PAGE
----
One of the best ways to improve your road bike’s performance is by upgrading the wheels. You might want to do it to boost comfort by taking advantage of the new wider rim and tire technology. Or, if your current wheels feel heavy, a lighter set will make every acceleration and climb much easier.
You also might want to go aero to cheat the wind for energy savings and free speed on every ride. Or maybe there’s an issue with your current wheels you’d like to fix once and for all, like spoke breakage or the wheels constantly coming out of true.
Whatever the reason, a great place to start is at a bicycle shop with a wide selection of road wheels. Since so many companies now offer wheelsets (and because they can be pricey), you can sometimes even test ride demo wheels to feel the difference before buying. And even if they don’t have loaner wheels like this, it might be possible to ride a new bike that comes equipped with the wheelset you’re thinking of buying – or wheels similar enough to get a feel for them.
When wheel shopping like this, a question that often comes up is whether to get a brand or a custom wheelset? By “brand” I mean a wheelset designed and built by a bicycle company. By custom, I mean hoops built by an experienced professional wheel builder at a bicycle shop or an independent builder.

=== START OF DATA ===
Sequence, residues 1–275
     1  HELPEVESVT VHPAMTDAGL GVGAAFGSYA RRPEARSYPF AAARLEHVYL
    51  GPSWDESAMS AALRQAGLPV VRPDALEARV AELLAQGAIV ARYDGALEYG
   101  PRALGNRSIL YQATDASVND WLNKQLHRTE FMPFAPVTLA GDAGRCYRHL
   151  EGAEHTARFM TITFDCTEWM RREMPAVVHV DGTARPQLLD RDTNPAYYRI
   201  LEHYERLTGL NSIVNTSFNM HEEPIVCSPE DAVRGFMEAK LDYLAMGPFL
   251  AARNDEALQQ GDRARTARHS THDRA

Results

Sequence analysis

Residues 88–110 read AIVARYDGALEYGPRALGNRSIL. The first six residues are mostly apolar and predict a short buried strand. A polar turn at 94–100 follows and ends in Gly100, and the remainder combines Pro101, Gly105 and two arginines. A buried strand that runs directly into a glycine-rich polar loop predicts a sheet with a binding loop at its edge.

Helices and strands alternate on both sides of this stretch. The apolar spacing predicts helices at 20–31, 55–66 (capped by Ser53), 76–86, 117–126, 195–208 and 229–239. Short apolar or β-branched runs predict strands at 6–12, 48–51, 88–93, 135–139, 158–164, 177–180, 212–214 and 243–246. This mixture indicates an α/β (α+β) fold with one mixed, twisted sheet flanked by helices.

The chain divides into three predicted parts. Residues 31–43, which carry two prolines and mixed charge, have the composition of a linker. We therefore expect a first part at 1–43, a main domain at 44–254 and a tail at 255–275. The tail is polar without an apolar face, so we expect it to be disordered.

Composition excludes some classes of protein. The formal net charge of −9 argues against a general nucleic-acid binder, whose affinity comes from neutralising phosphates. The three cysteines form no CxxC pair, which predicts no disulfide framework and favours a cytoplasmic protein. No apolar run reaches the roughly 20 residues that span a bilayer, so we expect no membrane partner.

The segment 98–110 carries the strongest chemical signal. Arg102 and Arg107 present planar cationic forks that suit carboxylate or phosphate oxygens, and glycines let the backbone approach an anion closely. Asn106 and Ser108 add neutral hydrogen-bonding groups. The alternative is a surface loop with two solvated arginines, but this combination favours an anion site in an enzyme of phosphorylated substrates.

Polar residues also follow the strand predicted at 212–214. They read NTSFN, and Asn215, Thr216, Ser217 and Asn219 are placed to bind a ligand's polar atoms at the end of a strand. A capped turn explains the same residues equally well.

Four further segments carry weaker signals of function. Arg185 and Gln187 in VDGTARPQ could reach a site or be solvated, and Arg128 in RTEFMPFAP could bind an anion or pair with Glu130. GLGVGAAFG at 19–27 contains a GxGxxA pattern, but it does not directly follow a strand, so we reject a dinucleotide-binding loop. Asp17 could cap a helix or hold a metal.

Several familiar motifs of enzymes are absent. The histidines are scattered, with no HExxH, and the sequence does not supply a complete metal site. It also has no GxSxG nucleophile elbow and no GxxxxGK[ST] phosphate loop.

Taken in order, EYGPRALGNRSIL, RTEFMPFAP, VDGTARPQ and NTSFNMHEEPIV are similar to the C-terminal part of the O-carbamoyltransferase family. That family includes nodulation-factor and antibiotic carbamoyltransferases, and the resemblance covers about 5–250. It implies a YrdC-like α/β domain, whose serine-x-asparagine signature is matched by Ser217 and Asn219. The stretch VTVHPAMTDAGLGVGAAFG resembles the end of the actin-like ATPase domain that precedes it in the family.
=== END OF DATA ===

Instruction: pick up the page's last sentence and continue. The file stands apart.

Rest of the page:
Since this is often one of the most difficult decisions when buying a new wheelset, I’d like to help by looking at some of the key pros and cons of both approaches. If you’ve bought brand and custom wheels, please share any pros and cons from your experiences in the Comments below the Newsletter version of this article.
Because the company may be able to dedicate their entire engineering department to create the ultimate wheels, all the components (hubs, rims, spokes, nipples – sometimes even the tires), can be designed to work together, for maximum performance gain.
And because brands can focus their engineering muscle so intently, they can innovate and come out with new proprietary technology that improves ride quality and overall performance. These proprietary components are sometimes only available from that particular company.
Brands usually offer different types of wheels for whatever you’re looking for, from featherweight climbing hoops to wing-like aero models. Some wheel builders specialize in a certain type of wheel.
Many riders want wheels that are made by the same company that made all their other components so that everything matches and is complementary.
Some brand wheels have offered crash replacement policies, which let you buy insurance that replaces a broken wheel (or covers repairs).
Should you want to try a different or newer wheelset later, you can usually sell pre-owned recent-model-year brand wheels for a decent price to help finance the new hoops.
Because they can have proprietary components and designs (which can require proprietary tools, like a special spoke wrench), should you break a wheel part, you may have trouble fixing the wheel(s) if you’re not near a shop that stocks the parts, or if you don’t have the proper tool. This is why some companies that put on cross-state and similar popular road rides recommend you show up on conventional wheels – because they don’t want you to have to drop out due to a broken wheel part.